The Beginning of the AIP Journey

The first full week of living the Autoimmune Paleo Diet is complete.  I feel fantastic, but this is harder than I thought…..

First thing was first.  Shopping! IMG_9229.JPG  Minus a few kid specific items, the entire cart was full of chicken, fish, fruits and veggies.  After carrying the whole car load in solo, I proceeded to clean the entire refrigerator.  That was fun. <–sarcasm.

So after prepping the kitchen for this adventure, the fun began.  The first few days were great.  I enjoyed cooking again, more so than I have in the recent months.  This journey has given me an opportunity to take fresh ingredients and be creative.  But you can only be so creative with the limited ingredients I had at my disposal.  By the end of the week, my meals ended up being the same foods, just in a different shape. Note to self: More ingredients, less bulk.

Here are a few meals from this week:

IMG_9323Asparagus and Bacon Soup

IMG_9267.JPG Carrot and Parsnip “Fries”

IMG_9278.JPGChicken and Sweet Potato Soup

IMG_9265.JPGTilapia with sautéed greens and mashed sweet potatoes.

IMG_9281.JPG coconut crumble with sautéed greens and bacon

Those were just a few of my favorites.  I did learn that after two meals of Tilapia, that I have developed an intolerance for that specific fish.  Two gnarly stomach aches followed each meal. Adios Tilapia!

The hardest part: no coffee.

I have never gone more than a couple days without coffee.  I never realized how hard it would be to cut out a morning cup of joe. I feel like an addict in rehab, actually shedding a few tears one morning.  Pathetic now that I think back to that moment of weakness.  You never realize how much your truly rely on something until it is gone. Needless to say, my green tea replacement is becoming something I look forward to each morning, late morning, early afternoon, and evening.

As far as my mood, I was pretty grumpy towards the end of last week. My wife felt the need to comment on petulant state on multiple occasions. After the weekend, my irritability seems to have subsided and for the most part, reversed.  I feel fantastic right now, have more energy and spunk than I have in weeks.  The brain fog that took up residence in my mind has vacated, if only for a little while.  And I have even, unintentionally, dropped a couple pounds.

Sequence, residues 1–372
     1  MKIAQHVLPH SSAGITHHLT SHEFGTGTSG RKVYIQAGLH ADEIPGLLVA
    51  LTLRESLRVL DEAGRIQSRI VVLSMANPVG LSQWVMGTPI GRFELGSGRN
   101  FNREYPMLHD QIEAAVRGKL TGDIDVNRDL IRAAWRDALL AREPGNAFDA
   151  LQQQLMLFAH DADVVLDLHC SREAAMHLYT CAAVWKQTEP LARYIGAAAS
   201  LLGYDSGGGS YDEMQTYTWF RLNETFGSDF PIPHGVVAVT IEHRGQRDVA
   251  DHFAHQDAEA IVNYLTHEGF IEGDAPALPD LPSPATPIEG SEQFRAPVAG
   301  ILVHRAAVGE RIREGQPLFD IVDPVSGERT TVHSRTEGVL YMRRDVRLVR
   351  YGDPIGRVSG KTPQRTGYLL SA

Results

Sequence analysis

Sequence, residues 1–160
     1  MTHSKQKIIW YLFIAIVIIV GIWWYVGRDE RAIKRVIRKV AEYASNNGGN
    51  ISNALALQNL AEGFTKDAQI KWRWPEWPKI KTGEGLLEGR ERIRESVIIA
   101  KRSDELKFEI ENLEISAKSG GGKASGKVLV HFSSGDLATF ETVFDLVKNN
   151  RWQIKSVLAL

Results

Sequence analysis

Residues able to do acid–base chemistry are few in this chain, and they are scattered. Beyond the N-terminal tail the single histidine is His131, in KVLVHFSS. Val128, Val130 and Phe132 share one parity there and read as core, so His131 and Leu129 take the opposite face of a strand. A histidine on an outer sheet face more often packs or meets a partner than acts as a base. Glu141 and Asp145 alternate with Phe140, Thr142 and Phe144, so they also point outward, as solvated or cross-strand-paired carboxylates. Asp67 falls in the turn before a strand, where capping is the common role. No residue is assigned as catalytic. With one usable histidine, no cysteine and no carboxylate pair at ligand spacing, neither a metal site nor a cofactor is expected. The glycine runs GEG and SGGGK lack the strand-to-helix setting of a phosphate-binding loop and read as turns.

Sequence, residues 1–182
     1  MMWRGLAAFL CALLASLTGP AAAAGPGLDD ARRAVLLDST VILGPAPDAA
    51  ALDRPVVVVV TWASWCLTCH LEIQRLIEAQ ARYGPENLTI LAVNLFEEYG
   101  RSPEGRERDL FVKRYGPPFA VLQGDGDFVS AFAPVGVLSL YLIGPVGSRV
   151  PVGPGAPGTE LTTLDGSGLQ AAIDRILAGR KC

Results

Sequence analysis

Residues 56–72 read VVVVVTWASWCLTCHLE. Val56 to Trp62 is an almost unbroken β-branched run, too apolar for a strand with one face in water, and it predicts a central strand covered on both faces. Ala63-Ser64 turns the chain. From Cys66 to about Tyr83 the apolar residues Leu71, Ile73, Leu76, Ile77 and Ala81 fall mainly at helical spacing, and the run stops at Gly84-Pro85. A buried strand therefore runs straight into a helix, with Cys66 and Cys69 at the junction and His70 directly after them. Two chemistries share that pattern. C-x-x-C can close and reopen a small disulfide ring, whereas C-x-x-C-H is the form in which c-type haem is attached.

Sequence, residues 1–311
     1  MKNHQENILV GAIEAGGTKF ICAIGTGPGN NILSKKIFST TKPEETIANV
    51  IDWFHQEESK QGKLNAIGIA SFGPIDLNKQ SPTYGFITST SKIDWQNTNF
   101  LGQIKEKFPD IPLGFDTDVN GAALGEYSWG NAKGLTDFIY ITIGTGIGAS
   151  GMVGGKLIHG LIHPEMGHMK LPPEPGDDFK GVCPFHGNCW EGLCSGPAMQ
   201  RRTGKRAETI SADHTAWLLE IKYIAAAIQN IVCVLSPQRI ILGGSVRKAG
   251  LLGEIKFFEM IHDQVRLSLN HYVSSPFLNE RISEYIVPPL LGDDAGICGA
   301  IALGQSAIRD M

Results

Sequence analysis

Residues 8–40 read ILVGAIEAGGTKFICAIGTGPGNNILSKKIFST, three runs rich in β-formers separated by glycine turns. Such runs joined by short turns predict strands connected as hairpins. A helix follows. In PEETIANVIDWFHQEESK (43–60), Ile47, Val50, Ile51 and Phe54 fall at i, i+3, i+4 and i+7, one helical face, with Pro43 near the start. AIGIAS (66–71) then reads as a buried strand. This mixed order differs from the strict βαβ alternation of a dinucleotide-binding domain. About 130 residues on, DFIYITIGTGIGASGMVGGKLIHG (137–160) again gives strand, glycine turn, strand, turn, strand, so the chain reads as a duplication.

Bring on Week 2!

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Breaking Free from Pain and Prescriptions

About 8 months ago I began to have some significant GI distress.  The pain presented in the mid/upper section of my abdomen and initially, occurred a couple times a week at night after eating certain foods.  I visited a doctor and was prescribed antacid, which I took.  The pain only intensified and became more frequent.  Within a month it was occurring 2-3 times a day, every day, and so painful that I was throwing up after hours of being hunched over in the bathroom. One afternoon, I couldn’t take it any more.  I had my wife drive me to the ER….where they recommended I see a GI doctor (which I had already scheduled two weeks prior).  I left the ER with more medication – one to coat my stomach before I ate and another to relieve pain.  I took both as prescribed.  All along I had been keeping a food journal which produced no significant trends in food sensitivities or times of day that pain occurred.   For a couple weeks, the symptoms seemed to subside, mainly because of the medications.

It was about mid August when I hopped in my car to head to North Carolina to meet up with the rest of my family, who had taken a week long vacation.  About two hours into the drive I stopped off in at a pit stop to give my dog Kona a water/potty break.  I bent over to pick up her water bowl and immediately after standing up right, I had a blurry spot in one eye and the left side of me body was heavy and difficult to control.  I shuffled back to my car and began to text my wife that something strange was happening.  Within minutes the fingers on my left hand were numb and the numbness began to travel up my arm to my head, down to my abdomen, to my legs and toes.  The numbness never stayed in one stop, it continuously moved, crawling all over the left side of my body.  Then I began to have trouble texting and speaking.  I could read just fine, but trying to convey what I wanted to say was impossible.  I tried texting my family and friends, some texts being successful, others not so much. And amongst all the terror, I developed a very intense headache.